Governor Bill Haslam signed his tort reform measure into law Thursday, saying it both protects victims’ rights and gives a ‘predictable playing field’ for business.
The effort to place a cap on non-economic damages in civil lawsuits was one of three main issues of Haslam’s first-year legislative package. He signed the measure before a roomful of business representatives.
The governor said the subject of limiting damages came up at a recent dinner with some twelve CEO’s who are being recruited to the state.
“I was with a group of executives this week, encouraging them to move to their business to Tennessee, and it wasn’t me bringing it up …When I said, ‘What are the things that are a big deal to you?’ … education and tort reform were the first two things out of their mouth.”
Haslam says he thinks the state is on the right path with education, and the signing of the tort reform measure makes Tennessee more competitive with other states that have passed such laws.
Haslam says he “doesn’t know how to quantify” the number of jobs that might result, but he’s sure that some companies will come to the state who would otherwise shy away.
The tort reform bill limits non-economic damages to a victim – things like “pain and suffering” and punitive damages. It doesn’t limit actual provable costs that a victim may have incurred, like hospital bills or loss of income.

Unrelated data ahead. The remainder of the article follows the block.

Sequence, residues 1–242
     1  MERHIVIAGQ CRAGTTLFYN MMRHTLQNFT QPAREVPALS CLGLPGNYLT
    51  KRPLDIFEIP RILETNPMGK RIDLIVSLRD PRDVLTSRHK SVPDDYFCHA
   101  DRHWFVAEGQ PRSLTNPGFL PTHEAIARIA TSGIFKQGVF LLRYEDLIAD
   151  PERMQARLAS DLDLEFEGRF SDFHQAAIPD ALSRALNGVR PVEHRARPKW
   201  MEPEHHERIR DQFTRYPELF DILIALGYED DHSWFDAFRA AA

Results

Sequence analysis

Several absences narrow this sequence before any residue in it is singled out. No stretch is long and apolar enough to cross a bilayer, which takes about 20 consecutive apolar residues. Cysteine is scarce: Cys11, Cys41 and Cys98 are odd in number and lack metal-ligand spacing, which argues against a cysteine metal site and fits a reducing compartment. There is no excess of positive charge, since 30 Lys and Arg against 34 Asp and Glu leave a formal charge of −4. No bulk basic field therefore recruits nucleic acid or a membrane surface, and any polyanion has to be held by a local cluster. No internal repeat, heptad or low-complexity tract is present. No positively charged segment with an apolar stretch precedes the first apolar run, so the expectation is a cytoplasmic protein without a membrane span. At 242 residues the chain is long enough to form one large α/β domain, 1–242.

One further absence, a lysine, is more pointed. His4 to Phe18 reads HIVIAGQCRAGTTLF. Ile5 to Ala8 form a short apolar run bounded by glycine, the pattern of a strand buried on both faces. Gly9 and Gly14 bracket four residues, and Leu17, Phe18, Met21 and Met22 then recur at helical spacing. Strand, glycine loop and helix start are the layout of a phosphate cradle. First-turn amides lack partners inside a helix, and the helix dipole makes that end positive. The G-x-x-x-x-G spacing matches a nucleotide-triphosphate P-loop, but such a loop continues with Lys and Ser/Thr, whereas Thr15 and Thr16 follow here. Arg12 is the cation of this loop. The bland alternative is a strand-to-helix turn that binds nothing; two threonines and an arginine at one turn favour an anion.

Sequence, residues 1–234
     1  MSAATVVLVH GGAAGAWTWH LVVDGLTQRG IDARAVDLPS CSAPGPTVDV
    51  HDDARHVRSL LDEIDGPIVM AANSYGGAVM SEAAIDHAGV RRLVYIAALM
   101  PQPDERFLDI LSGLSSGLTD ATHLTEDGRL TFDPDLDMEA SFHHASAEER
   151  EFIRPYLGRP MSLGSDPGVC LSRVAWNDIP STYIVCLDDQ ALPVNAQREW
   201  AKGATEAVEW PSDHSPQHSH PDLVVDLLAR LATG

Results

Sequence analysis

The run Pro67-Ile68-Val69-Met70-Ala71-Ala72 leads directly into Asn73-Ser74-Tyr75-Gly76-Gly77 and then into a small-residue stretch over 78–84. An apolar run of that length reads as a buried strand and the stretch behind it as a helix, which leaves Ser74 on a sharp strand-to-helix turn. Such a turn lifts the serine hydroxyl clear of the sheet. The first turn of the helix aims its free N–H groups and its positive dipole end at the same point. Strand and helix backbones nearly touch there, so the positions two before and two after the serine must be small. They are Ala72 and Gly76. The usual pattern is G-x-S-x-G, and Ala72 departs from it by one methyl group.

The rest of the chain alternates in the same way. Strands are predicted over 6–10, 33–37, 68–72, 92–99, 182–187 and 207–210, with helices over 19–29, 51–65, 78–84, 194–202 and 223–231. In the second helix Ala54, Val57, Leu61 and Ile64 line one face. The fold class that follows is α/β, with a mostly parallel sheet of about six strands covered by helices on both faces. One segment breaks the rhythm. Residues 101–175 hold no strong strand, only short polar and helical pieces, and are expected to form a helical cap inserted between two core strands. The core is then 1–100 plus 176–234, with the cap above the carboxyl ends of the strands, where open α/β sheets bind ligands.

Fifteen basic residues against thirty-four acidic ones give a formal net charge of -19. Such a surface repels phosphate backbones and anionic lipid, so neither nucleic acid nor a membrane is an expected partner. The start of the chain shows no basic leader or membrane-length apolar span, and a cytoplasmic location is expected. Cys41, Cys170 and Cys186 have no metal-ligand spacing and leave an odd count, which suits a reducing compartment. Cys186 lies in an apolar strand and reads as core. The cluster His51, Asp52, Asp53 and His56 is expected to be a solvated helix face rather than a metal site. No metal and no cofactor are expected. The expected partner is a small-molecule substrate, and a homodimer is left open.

The governor says the CEOs at this week’s dinner included three manufacturers, two financial services firms, and three companies in logistics services.
Haslam says his new plan at the Department of Economic and Community Development focuses on six specific clusters of industries:
* automotive manufacturing
* chemicals and plastics
* transportation, logistics and distribution services
* business services
* health care
* advanced manufacturing and energy technologies.
The bill sponsor in the House was Vance Dennis, who says the civil justice system in the state was edging out of its old, staid bounds.
“Over the last few years, over the last few decades, it’s gotten a bit expensive, and a bit inefficient. We’re at a point where …less than 50 percent of our expenditures in our civil justice system go to compensating victims.”
He says the new law will still protect victims:
“This will move us more towards a more effective, a more efficient system that allows businesses and individuals across this state to quantify their risk, and at the same time ensuring that those victims who are wronged are adequately compensated.”
House Democratic Leader Craig Fitzhugh says the tort reform bill that passed was a better bill than was first introduced – limits were raised for certain types of catastrophic events that happen to an individual, like becoming a paraplegic.
But he says the bill may have unintended consequences.
“I didn’t think we had a real severe problem before. It may not have that detrimental effect on companies, I just hope it doesn’t have that detrimental effect on individuals who may have been harmed by companies, especially those companies that are from out of state, out of country.”
The bill (HB 2008 Dennis/SB 1522 Norris) went through a long legislative process. Conservatives have been trying to get the measure passed for 10 years.
Our most recent story summed up the bill at the end of that action: